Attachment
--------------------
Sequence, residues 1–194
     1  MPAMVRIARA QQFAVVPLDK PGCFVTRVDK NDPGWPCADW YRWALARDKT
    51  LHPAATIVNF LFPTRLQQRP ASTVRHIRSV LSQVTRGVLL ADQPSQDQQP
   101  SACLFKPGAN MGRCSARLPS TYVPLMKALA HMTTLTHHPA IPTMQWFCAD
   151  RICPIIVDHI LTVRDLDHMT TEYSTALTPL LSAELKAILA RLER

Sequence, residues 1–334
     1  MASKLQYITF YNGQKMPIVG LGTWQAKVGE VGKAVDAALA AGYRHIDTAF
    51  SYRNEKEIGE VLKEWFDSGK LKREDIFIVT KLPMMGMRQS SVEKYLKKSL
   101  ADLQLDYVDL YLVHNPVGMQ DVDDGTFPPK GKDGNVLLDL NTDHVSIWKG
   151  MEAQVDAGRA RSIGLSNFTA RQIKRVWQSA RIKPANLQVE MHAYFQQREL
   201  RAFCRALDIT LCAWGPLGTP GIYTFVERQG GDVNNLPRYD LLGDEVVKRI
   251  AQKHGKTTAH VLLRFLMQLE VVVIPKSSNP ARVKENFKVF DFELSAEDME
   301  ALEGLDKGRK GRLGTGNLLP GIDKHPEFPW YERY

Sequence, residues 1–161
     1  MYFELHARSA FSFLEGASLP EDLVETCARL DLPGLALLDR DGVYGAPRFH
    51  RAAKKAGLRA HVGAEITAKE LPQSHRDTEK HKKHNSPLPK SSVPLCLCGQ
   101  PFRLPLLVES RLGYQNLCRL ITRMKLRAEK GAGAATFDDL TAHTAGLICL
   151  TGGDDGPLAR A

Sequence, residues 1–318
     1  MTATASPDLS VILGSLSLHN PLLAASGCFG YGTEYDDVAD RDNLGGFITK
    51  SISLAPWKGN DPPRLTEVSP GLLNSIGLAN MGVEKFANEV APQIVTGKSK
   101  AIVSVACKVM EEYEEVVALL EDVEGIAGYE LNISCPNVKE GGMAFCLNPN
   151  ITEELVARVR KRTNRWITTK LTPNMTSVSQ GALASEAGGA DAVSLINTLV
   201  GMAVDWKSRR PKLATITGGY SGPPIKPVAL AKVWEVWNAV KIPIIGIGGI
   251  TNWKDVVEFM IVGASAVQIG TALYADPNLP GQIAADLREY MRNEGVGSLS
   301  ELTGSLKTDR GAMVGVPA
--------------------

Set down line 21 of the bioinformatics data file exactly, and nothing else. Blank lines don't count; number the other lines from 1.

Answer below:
    51  SISLAPWKGN DPPRLTEVSP GLLNSIGLAN MGVEKFANEV APQIVTGKSK